Company Culture – How to Know If You’ll Really Like It

21 November

 

The role may be your dream job, but if the culture isn’t right, you’ll be job hunting sooner than you may have expected.

‘Culture fit’ may have become a hiring buzzword of late, but it’s as much a concern for the employer, as it is for an employee. After all, we often spend more time at work than with our loved ones, so it’s more important than ever that the 9 to 5 or whatever hours you work are enjoyable.

Plus, a working environment and culture that is mutually beneficial for employee and employer are likely to improve staff happiness and productivity, improving retention rates and the bottom line.

But when both parties are on their best behaviour in the interview process, it can be hard to assess just what the culture of a company is like.

Here’s how to find out if the company culture is for you.

  1. Research

Just like most things, if you want to learn more about something then you need to do your research.

Now, trying to learn more about a company’s culture isn’t going to be easy, as unless you’re inside the four office walls, but you can still glean some insights into the inner workings of the business with a little research.

Social media is one of the best tools to use to get an insight into company culture and find out more about the employee experience.

An employer is likely to check out your social profiles, and you should be doing the same to them. Is their Twitter feed full of promotional tweets? Or are there mentions of events they are attending and speaking at? Can you see any photos of company BBQs or social events?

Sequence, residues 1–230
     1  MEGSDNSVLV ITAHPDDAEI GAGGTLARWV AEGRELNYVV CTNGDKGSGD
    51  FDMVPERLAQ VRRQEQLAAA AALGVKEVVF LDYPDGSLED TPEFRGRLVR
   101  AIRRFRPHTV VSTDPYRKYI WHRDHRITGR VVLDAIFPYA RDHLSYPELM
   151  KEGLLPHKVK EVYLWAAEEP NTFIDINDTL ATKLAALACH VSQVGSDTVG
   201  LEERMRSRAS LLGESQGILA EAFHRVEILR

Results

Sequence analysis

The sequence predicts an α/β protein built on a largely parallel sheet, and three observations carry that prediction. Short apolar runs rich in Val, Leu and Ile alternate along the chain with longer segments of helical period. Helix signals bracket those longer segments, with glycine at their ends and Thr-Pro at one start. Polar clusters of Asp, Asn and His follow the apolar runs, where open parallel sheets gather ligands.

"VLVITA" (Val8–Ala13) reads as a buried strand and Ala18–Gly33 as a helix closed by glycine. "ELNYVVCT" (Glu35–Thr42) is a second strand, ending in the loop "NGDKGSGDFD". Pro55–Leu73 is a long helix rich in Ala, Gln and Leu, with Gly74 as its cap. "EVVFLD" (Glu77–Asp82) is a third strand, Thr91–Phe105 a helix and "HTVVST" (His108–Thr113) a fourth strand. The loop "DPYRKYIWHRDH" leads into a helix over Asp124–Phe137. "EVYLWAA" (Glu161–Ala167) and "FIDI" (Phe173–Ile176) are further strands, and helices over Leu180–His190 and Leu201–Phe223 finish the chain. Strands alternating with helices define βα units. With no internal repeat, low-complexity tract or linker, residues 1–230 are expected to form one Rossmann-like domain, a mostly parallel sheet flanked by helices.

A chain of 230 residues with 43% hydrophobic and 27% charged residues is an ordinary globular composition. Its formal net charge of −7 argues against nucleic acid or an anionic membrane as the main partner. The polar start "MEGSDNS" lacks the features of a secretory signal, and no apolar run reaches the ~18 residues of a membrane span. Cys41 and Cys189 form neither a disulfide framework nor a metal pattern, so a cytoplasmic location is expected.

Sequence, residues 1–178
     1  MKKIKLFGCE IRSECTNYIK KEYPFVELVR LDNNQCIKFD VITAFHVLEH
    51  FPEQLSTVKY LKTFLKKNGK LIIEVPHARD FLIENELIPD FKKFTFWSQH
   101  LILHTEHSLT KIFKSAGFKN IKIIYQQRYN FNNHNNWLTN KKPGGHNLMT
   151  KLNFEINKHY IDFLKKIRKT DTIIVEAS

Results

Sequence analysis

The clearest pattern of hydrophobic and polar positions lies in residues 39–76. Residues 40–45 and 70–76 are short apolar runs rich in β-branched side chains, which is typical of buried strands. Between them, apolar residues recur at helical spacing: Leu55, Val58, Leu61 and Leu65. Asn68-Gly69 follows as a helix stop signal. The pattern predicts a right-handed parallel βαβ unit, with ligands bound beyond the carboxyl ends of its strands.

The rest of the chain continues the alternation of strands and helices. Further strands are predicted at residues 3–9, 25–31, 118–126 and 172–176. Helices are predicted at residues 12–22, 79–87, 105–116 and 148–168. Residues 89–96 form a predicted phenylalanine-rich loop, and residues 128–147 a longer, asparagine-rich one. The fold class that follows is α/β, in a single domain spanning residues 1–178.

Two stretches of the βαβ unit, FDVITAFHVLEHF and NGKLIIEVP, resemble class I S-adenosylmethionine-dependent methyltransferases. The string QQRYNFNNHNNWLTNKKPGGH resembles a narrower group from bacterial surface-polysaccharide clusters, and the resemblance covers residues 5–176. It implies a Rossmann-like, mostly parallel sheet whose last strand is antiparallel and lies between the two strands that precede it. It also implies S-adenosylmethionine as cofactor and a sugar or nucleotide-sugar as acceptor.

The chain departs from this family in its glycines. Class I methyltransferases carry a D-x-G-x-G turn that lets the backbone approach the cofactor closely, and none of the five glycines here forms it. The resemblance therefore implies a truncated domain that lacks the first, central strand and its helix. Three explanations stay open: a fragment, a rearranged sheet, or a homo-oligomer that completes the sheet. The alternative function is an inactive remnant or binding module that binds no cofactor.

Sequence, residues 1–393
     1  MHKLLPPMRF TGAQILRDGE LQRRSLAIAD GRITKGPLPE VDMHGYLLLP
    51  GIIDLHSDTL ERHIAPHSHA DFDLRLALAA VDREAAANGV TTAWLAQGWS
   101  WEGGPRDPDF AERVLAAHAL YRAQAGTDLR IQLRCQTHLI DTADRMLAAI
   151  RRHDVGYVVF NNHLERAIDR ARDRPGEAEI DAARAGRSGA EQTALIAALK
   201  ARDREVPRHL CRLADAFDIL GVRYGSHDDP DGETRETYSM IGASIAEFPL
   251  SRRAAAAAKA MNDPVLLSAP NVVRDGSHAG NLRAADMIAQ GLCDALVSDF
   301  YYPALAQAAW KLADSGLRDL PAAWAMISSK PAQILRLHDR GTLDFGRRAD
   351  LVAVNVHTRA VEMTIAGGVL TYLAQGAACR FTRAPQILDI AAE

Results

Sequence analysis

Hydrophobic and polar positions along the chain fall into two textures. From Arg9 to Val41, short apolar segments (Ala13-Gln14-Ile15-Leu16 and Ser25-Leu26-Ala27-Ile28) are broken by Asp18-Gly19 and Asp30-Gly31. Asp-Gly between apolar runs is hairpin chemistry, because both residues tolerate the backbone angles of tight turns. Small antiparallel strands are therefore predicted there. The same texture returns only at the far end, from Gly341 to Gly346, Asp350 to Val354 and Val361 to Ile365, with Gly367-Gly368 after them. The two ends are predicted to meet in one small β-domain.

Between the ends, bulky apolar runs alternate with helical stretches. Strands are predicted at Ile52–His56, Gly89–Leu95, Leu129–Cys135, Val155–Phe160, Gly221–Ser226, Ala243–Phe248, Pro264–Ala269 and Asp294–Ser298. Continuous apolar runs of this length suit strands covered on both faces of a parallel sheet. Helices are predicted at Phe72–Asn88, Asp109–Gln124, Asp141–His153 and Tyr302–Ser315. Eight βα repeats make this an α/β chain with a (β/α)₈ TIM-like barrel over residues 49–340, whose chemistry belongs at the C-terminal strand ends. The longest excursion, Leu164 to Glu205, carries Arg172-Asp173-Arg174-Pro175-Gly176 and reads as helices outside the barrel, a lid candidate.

Do staff have their own professional profiles? – If so, take a moment to look at their profiles too. Staff profiles are likely to give good insight into working life at the company, and if you are feeling brave, you could even seek out past employees on LinkedIn and ask them a few questions about the culture too.

Re-read the job description too, as this is likely to have given some information regarding the company culture. Do the benefits of the jobs mention a standard holiday package and pension plan, or are their perks detailed such as flexible working, company lunches, unlimited holiday, a relaxed office environment?

On the website are their detailed meet the team pages or just an about us page instead? A meet the team page indicates the value that employers have invested in their employees and sharing their backgrounds and successes, while a generic about us page indicates that the company is faceless. Do they have a blog? Is this regularly updated with industry content? If so, you can tell that the business is invested in developing its employees and them sharing their knowledge.

  1. Scope out the office

If you’ve arrived for your interview early and are waiting in a reception area or meeting room, don’t just sit there nervously looking at your lap – make the most of that time to check out the office environment.